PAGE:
Jury deadlocks in civil trial for fatal Tempe PD shooting of Dalvin Hollins
A U.S. District Court judge has declared a mistrial in a federal case surrounding the fatal Tempe police shooting of 19-year-old Dalvin Hollins in 2016 after the jury remained deadlocked on all but two claims on Wednesday.
An attorney representing Sarah Coleman, Hollins’ mother, filed a civil suit in 2017 alleging wrongful death, excessive force and other violations in her son’s death.
The mistrial only applies to the claims for which the jury could not reach a decision.
Tempe police responded to reports of a robbery with a suspect who was possibly armed at a Walgreens near McClintock and Guadalupe roads on July 27, 2016. Officers saw Hollins, who fit the description of the suspect, walking nearby and attempted to contact him.
Hollins fled and two officers, including Lt. Edward Ouimette, pursued him. Ouimette told Hollins he would shoot him if he didn’t stop running, according to his police report.
Ouimette wrote in his report that he saw Hollins reach for a “black semi-automatic handgun.” He fired one round, striking the teenager in the back.
Hollins retreated into a maintenance shed at a senior living facility, where he died from his injuries.
Neither officer activated their body-worn cameras until after the shooting.
Court records obtained by The Arizona Republic said the jury resumed deliberations at 9 a.m. Wednesday, the eighth day of the trial. The jury recessed and reconvened several times before reaching a unanimous verdict on two claims shortly before 2 p.m.
The jury decided in favor of Ouimette on Fourteenth Amendment familial association claims by Coleman and Hollins’ father, Calvin Hollins. In order to have won their claims, the City of Tempe said the pair must have proved Hollins was killed by Ouimette’s use of unconstitutional excessive force and that he “acted with a purpose to harm Dalvin Collins unrelated to legitimate law enforcement objectives.”
The jury decided in Coleman’s and Hollins’ favor on their battery claim against Ouimette but remained deadlocked on the remaining claims. The judge declared a mistrial on those claims and the jury was excused, according to court records.
The trial for claims of wrongful death on the basis of the City of Tempe being negligent in its training or supervision and excessive force on Ouimette’s part was scheduled for Feb. 28.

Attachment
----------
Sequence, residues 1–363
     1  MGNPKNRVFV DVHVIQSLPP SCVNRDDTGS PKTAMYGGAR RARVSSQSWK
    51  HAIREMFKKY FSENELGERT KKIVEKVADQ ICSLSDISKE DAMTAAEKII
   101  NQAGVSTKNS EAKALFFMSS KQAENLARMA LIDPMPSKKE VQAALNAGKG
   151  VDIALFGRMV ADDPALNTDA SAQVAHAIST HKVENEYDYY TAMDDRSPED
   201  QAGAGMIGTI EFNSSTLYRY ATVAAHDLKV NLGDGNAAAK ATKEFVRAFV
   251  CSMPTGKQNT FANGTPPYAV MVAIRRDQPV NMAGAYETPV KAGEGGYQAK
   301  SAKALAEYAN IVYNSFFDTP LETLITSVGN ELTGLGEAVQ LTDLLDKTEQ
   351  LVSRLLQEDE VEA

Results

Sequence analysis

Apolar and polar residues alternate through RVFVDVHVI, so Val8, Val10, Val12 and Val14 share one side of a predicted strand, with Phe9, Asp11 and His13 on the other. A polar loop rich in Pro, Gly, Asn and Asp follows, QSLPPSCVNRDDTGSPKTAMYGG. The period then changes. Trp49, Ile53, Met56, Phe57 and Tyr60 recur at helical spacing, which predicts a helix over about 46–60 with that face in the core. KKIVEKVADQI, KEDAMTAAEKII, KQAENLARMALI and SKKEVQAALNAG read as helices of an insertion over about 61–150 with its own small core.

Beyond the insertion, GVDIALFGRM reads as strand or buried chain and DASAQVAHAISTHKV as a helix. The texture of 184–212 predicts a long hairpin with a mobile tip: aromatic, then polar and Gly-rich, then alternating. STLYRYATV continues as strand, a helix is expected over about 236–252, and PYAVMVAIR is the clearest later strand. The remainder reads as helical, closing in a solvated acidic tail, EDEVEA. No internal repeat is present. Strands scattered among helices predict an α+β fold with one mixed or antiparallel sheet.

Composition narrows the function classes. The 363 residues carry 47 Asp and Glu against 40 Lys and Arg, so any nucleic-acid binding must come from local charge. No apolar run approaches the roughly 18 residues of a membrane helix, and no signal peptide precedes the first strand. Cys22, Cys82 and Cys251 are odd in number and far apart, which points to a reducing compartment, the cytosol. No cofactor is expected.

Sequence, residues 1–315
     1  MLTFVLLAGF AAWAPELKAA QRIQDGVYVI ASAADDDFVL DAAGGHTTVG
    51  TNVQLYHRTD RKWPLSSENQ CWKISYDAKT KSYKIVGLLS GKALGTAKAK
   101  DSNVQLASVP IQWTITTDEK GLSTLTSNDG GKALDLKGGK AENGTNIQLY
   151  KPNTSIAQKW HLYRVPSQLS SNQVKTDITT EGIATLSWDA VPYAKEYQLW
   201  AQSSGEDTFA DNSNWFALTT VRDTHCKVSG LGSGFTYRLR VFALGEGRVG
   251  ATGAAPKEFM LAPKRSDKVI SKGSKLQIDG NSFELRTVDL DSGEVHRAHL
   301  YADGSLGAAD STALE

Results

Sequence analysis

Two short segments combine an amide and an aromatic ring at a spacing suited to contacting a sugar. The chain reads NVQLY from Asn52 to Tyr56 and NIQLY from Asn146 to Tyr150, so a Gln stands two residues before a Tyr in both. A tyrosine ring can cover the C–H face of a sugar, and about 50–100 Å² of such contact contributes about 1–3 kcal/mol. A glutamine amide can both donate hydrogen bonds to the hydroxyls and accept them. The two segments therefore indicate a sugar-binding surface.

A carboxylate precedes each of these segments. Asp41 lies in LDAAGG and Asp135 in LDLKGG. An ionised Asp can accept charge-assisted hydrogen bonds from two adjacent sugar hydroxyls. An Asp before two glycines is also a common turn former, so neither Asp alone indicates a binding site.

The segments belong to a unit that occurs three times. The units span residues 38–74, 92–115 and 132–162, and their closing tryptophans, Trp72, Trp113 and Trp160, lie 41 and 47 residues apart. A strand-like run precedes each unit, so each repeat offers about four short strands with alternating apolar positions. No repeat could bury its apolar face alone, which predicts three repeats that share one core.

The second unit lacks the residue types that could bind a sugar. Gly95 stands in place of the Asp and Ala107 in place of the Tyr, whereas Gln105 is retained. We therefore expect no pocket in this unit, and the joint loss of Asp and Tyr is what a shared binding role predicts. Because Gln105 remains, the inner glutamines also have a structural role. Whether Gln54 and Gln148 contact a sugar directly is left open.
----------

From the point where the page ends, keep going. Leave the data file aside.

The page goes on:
Darien Barret, Hollin’s friend and police brutality activist, spoke to The Arizona Republic and shared that the mistrial has taken an emotional toll on him and Hollin’s family.
“I’m upset about it because we’re all waiting on an answer,” said Barret. “Me, family, friends; people who have taken to the streets in order to get justice for my friend.”
The City of Tempe released a statement on Wednesday evening that called Hollins’ death a “tragedy” but added that it believes the actions of Ouimette and the Tempe Police Department were “within city and police policies and state and federal law.”
The statement noted that the Maricopa County Attorney’s Office did not charge Ouimette in the case. The Attorney’s Office announced its decision in April 2017, saying Ouimette had reason to believe his life was in danger.
“The City of Tempe continues to support the dedicated men and women who serve in the Tempe Police Department and acknowledges the difficult jobs they do every day to protect our community,” the statement said.
It went on to detail the City’s policing policy reforms and initiatives in recent years, which include its Community Safety Strategic Plan that it said was meant to “plan the future of trusted policing and innovative response in the City of Tempe.”
Barret said he believes the lack of transparency from the officers is delaying a final decision and he added that he would like to have a different jury in the upcoming trial.
“I’m tired of waiting,” he said. “I really hope this is the last time that we have to go to trial.”
Attorneys for Coleman and the City of Tempe did not respond to The Republic’s requests for further comment.
Reporters Jerod MacDonald-Evoyand Laura Daniella Sepúlveda contributed to this report.
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